Responding to Alicia’s call out with a few resources below .  We have learned of others shaping such programs and shifting from relief support to community projects so more examples to come


Some work and funding initiatives in Boston that may inform your work and some great published resources as well:


Radical Imagination for Racial Justice

We, in partnership with MassArt, have received a $1.2 million award from the Surdna Foundation to support Boston-connected artists of color through a new, three-year regranting program titled Radical Imagination for Racial Justice (RIRJ). We'll distribute funds to artists seeking to advance racial justice through collaborative projects in their communities. The deadline to apply has been extended to July 8, and you can apply at

Boston Artists-in-Residence (AIR)
We created a blog post to explain what we're thinking about during COVID-19, and how we're carrying out the program virtually. Learn more

Art at a Distance Grant
The Art at a Distance grant program will select 10 artists in the Greater Boston Area and award each of them with a $2000 grant. Each artist will be randomly paired with a partner and invited to create a singular collaborative art piece. The only requirements are that they must work together, and of course, cannot physically be together. Learn More.



Healing Through Story: A Toolkit on Grassroots Approaches is a resource developed with and for the Department of Mental Health by artist and LA County Department of Arts and Culture Creative Strategist Anu Yadav. The toolkit focuses on the power of story as an arts-based healing process that promotes wellbeing and connection. It highlights community-building methods for listening and facilitation and includes interviews with community groups on how we heal.


No Going Back: A COVID-19 Cultural Strategy Activation Guide

By The Center for Cultural Power


If ever there was a moment for cultural strategy -- it’s now. A global pandemic has magnified the flaws of our capitalist system, but, also, the power art and culture to uplift, disrupt and build community. The Center for Cultural Power offers #NoGoingBack: A COVID-19 Cultural Strategy Activation Guide for Artists and Activists to meet the moment.  

This illustrated resource points creators to ways they can make moving narratives that advance policy demands that are now within reach. It lays out frameworks and tools that support social change movements to harness the power of artists and culture makers in painting a picture of a more equitable and just future. It also highlights resources for artists who have been hard hit economically and professionally.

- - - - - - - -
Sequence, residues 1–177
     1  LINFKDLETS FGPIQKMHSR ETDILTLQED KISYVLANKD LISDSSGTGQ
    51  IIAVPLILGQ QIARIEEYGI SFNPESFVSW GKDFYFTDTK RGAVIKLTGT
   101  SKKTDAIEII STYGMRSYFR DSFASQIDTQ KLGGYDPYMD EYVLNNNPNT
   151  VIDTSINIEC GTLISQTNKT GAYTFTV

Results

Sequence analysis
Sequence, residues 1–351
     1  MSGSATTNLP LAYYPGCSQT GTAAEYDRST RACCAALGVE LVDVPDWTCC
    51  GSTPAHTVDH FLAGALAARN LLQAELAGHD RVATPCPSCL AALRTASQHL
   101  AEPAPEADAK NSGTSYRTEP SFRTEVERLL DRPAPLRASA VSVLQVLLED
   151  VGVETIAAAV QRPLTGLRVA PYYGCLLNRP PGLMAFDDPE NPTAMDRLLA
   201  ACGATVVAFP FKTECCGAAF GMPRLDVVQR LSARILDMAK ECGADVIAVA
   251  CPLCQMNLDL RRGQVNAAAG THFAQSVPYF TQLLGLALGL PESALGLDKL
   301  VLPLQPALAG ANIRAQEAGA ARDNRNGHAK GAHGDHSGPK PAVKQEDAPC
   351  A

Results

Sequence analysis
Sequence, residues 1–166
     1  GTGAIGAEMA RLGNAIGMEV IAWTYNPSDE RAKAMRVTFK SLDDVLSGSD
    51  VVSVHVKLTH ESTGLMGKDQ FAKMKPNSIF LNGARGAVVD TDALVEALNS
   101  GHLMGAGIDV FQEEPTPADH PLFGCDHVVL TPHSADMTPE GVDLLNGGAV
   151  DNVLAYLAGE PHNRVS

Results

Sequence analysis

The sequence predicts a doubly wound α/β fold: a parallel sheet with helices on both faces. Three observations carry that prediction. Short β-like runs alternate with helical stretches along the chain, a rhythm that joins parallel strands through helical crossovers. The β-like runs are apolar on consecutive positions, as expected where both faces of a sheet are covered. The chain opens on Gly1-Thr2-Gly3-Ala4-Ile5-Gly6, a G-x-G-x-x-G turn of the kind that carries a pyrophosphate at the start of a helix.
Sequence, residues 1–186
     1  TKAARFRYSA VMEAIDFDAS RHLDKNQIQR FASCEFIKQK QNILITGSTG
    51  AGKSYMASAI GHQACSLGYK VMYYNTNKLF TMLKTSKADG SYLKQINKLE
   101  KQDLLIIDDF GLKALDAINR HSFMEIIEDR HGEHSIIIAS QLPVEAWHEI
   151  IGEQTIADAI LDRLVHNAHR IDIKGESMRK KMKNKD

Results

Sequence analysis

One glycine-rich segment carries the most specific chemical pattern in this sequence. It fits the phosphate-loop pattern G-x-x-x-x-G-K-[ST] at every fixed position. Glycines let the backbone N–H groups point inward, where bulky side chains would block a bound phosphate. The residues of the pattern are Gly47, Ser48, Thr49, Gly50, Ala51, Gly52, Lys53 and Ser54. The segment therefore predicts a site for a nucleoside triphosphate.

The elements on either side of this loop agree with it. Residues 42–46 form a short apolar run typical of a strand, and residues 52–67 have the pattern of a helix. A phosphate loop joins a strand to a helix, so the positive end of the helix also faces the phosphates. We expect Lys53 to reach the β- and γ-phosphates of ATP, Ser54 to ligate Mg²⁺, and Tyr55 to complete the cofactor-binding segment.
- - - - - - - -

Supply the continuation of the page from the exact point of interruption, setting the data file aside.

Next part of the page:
Check it out. No Going Back breaks down ways creators and movement groups might do the “what” and “how” of activation now and into the year ahead.  

  1. Core narratives to build stories, art and creations, with examples of what you might make
  2. Concrete, actionable policies that you can support with your narratives (aligning vision with nuts and bolts)
  3. Advice on how to put the guide into action
  4. Resources for artists - financial, health, legal and others

We created this guide to inspire you to create and to disrupt. This is a guide for makers and doers - it will help you tell a shared story about who we can be in times of crisis and who we want to become. Jump in and start creating with us!





Barbara Schaffer Bacon

Co-director, Animating Democracy

Americans for the Arts




COVID-19 Impact Survey for Artists and Creative Workers

COVID-19 Impact Survey for Arts and Cultural Organizations


From: <> On Behalf Of Alecia Kintner
Sent: Thursday, June 11, 2020 7:06 PM
Subject: [Americans for the Arts] Rapid Response Artmaking Grants?


Hello Grantmaking colleagues – hope you are well and safe in these unprecedented times. In Cincinnati, like so many cities, the ongoing protests over George Floyd’s murder have prompted lots of inspiring, spontaneous street art. Now, though, I’m receiving lots of funding requests for more organized artistic responses – bigger outdoor installations, storytelling projects, exhibits etc – from grassroots organizations as well as established cultural institutions. I’ve been dealing with them as they hit my inbox but I could quickly get overwhelmed and I’m wishing I had a process. After covid hit, we immediately made $300K available in competitive emergency response grants to small and mid-sized organizations. I’m wondering if we should repeat a fast, business-unusual investment strategy in this moment too.


I’m curious whether any of you are planning rapid response artmaking grants that help artists respond to/commemorate the evolving situation and public sentiment. What kinds of dollars are you setting aside, what process, what criteria?


Thanks for any models!




Alecia Kintner
President & CEO
513.632.0146  |

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